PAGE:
Should You Require Your Users to Turn on Multi Factor Authentication?

Should You Require Your Users To Turn On Multi Factor Authentication
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By now, most businesses offer multi factor authentication as an optional security feature for their users. If users elect to use your multi factor authentication solution, their account will be protected by an additional layer of security; instead of only providing a password, users will be prompted to verify their identity through secondary means, such as providing an answer to a security question, a PIN from a registered device, or biometrics.

But should businesses make this a requirement for all users, increasing individual-level security in the process? Or should this remain an optional feature for users?

The Pros and Cons of Required Multi Factor Authentication

Let’s start by looking at the pros and cons of requiring multi factor authentication (MFA) for your users:

  • Guaranteed protection. Multi factor authentication provides robust security protection for individuals, making it virtually impossible to gain access to a user account even if you know that user’s password. If one of your users loses a password, or if they choose one that’s easy to guess, it’s no big deal; the criminal who guesses or steals this person’s password probably won’t be able to provide a secondary form of authentication, meaning they won’t be able to get access to the account. Because this feature is required, you can rest assured that all your users enjoy this level of protection.
  • Fewer breaches and compromised accounts. When all of your users are protected by MFA, you’ll deal with fewer breaches and fewer compromised accounts. This is beneficial for your business in several ways, making users feel more confident when using your system, reducing operating costs, and even protecting the reputation of your brand.
  • Fewer decisions for customers. If you make MFA an optional feature, some customers are going to be confused or indecisive. For the most part, it’s best to keep your user experience as simple as possible; don’t force your users to make security decisions for themselves.
  • Easier account recovery processes for customers. When MFA is enabled, password and account recovery options are much smoother for users who need them. Your users may not be able to remember their account names or passwords, but they’ll probably remember their mother’s maiden name, and they’ll certainly be able to provide a fingerprint if prompted. Because these alternative account recovery options are available, account recovery is typically more straightforward.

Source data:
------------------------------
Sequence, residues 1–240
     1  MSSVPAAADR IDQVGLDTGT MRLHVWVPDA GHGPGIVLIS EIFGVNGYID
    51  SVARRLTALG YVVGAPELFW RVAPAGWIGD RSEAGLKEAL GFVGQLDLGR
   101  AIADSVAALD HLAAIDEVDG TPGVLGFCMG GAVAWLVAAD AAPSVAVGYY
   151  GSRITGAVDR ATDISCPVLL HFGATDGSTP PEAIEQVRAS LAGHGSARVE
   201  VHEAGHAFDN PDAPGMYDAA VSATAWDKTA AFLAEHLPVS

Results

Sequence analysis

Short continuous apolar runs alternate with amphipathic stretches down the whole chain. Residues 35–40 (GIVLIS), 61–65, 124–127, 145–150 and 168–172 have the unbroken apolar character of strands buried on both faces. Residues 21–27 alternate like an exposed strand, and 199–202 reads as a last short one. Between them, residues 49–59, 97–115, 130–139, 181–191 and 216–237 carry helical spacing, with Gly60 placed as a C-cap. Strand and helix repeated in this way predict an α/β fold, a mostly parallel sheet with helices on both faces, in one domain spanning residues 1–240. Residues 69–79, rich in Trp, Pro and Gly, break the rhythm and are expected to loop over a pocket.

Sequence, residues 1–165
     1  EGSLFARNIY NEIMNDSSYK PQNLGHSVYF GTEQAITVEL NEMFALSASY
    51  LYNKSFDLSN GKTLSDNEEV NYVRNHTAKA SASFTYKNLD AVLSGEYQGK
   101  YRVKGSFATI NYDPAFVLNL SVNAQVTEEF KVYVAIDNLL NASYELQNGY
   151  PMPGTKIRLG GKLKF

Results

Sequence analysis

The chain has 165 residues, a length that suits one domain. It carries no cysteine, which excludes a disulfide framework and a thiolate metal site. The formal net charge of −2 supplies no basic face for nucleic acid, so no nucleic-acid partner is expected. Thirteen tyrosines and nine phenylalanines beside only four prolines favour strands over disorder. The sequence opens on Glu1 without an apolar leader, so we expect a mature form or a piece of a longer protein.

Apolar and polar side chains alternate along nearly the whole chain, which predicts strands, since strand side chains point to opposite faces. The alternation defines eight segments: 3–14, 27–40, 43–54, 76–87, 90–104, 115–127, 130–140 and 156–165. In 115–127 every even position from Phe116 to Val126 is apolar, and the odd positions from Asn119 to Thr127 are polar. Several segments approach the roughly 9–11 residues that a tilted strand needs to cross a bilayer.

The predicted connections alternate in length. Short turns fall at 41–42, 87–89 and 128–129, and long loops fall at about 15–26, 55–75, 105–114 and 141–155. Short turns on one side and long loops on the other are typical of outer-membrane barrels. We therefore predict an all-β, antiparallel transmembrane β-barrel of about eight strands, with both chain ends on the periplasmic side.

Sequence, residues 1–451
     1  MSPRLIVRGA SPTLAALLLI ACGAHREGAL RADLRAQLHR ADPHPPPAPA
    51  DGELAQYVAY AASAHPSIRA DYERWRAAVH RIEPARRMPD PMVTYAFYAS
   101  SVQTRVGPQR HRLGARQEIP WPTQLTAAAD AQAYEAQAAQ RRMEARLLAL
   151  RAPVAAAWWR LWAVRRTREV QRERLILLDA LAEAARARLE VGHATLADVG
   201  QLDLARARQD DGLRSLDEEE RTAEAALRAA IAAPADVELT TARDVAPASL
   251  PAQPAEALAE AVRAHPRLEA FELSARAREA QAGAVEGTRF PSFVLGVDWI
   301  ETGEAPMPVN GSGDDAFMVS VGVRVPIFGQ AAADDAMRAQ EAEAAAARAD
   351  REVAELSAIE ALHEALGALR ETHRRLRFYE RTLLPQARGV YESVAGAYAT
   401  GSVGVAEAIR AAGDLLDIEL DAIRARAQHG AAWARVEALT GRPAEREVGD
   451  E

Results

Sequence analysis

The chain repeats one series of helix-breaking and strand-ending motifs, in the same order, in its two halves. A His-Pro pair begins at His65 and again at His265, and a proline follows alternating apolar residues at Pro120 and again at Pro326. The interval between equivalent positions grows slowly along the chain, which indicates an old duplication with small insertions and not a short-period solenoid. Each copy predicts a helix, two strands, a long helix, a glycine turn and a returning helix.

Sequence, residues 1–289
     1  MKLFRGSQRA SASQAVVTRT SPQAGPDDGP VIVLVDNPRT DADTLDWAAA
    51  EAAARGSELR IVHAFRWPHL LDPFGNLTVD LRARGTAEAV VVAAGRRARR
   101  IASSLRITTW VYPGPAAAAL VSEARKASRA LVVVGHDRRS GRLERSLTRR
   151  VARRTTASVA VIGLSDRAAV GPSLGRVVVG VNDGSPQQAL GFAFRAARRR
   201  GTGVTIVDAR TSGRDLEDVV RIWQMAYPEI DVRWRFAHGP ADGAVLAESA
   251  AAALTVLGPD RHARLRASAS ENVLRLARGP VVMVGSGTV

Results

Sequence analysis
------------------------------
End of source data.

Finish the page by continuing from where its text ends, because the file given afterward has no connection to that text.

• Reputation and image. Requiring your users to enable MFA is a demonstration that you take user security and privacy seriously. This can further improve the reputation and image of your brand among people in the general public.

There are some downsides to requiring MFA for your users as well:

There Are Some Downsides To Requiring Mfa For Your Users As Well

  • Inconvenience and time spent. Some users are less concerned with security and more concerned with convenience. Being forced to enter a PIN or provide repetitive answers to security questions every time they log in can be draining, ultimately compromising your user experience.
  • Potential authentication problems. Biometrics are easy to provide, but people sometimes have a difficult time remembering the answers they gave to pass security questions. If there are authentication problems, users may become frustrated.
  • Lax security habits. People tend to be lazy with their passwords and cybersecurity habits, especially if they’re already facing other inconveniences. If you enable MFA, users may try to expedite the process by choosing weak or easy-to-guess passwords that also happen to be easy to remember. They may also feel a heightened sense of security with MFA enabled, causing them to practice other lax security habits.

Factors to Consider

As you’re making your decision on whether to require MFA for your users, keep the following factors in mind:

  • Risk. Are your users likely to be targeted by cybercriminals? How much risk does your organization face? How big of a priority is security for your company? What are the consequences of potential account loss or a data breach?
  • Convenience. How important is a convenience for your brand? Did you build this app to be as quickly and readily accessible as possible? Or are your users ambivalent to the prospect of spending a few extra seconds logging in each time they need to access the app?
  • Brand and competition. What are the characteristics that define your brand, and how is your brand different from those of your competitors? Are you trying to competitively differentiate your brand by making it more secure and more focused on using your privacy? If so, MFA may benefit you further.
  • Usability. How quickly and easily can the average user navigate your MFA solution?

Required MFA isn’t the right move for every organization, but most brands and users benefit from this security feature being enabled. Think critically about your business’s unique position – and decide whether this is truly the best move for your users.

Thank you for reading!